Fewer young people are watching television, according to a report by the media watchdog Ofcom.
Are young people pursuing other interests?
Between December 2003 and December 2005, total TV reach declined but the biggest fall was among young people - it fell by 2.9% for 16-24 year-olds.
During 2005, reach declined by 2.2% in that age group.
Reach is defined as at least 15 minutes of consecutive TV viewing in a week. Industry figures say the decline could be due to the growth of the internet.
DVDs and gaming could also be factors, they said.
Among 25-34 year-olds, reach fell by 1.9%, according to Ofcom.
ITV1 had the greatest single-channel decline in reach in multi-channel homes - homes which had extra channels as well as terrestrial ones. It fell by 3.6% during 2005.
BBC Two was the only terrestrial channel to increase its reach in multi-channel homes over the year with a rise of 1.6%.
The BBC channels had the biggest share in multi-channel homes overall, with 30.8% of the audience. The ITV channels had 22.6%, while Channel 4 had 8.6%.
By the end of September 2005, over two thirds of UK households - 16.5 million - had access to digital television.
Ofcom recently announced proposals to allow sponsorship of entire commercial television channels and radio stations. Currently, only individual programmes can be sponsored.
Ofcom wants to allow channel sponsorship but with a number of restrictions, including no sponsorship of news and current affairs programmes.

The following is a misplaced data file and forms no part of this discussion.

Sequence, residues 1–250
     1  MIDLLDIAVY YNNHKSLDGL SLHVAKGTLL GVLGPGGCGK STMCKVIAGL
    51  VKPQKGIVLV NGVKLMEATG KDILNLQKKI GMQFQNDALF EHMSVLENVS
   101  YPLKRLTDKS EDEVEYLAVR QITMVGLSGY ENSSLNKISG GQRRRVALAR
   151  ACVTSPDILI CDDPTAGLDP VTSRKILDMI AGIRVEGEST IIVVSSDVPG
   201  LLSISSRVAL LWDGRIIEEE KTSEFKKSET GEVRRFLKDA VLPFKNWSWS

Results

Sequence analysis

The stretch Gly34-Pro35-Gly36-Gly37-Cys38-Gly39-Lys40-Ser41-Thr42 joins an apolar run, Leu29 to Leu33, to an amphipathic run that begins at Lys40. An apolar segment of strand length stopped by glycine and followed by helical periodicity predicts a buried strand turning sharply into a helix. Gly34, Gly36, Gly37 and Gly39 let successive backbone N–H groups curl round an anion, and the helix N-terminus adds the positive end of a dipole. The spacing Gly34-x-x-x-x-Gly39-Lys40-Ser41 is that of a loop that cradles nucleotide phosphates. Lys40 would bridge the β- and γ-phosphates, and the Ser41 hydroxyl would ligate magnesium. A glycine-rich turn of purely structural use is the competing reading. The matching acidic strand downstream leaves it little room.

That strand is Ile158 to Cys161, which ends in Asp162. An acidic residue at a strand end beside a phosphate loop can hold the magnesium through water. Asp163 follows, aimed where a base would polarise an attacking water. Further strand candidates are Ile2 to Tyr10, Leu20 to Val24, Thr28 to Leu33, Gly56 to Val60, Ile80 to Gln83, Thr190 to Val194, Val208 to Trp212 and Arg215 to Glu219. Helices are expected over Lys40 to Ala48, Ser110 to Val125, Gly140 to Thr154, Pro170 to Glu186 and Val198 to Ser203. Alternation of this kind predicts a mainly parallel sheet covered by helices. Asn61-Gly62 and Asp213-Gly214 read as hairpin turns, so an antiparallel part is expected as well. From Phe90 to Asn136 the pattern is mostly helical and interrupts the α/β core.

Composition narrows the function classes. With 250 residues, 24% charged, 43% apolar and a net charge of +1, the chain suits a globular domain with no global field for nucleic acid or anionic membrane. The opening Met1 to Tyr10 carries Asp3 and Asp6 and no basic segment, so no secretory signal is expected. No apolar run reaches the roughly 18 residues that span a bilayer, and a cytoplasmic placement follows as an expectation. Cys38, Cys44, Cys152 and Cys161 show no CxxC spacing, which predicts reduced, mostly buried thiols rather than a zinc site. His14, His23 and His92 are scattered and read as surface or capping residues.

Proposals for other possible sources of future funding, such as product placement, are also under discussion.
Meanwhile, Stonewall has criticised the BBC for allegedly perpetuating negative attitudes towards lesbians and gay men.
Jeremy Clarkson was among the presenters criticised by Stonewall
A study for the charity found gay people figured in only 38 minutes out of 168 hours of programming on BBC One and BBC Two.
Researchers said they found 32 minutes of the coverage contained derogatory or offensive references on programmes including The Weakest Link and Top Gear.
The report said: "The BBC rarely challenges homophobia and consistently allows its presenters to perpetuate negative attitudes towards lesbians and gay men and gay sexuality."
The BBC defended its output, citing the recent EastEnders storyline involving Sonia and Naomi and the bisexual character Captain Jack in Doctor Who as examples of its "richness and diversity".
A BBC spokeswoman added: "We feel the notion that gay men and lesbians only receive value for money from the licence fee through seeing direct representation of gay life is misconceived."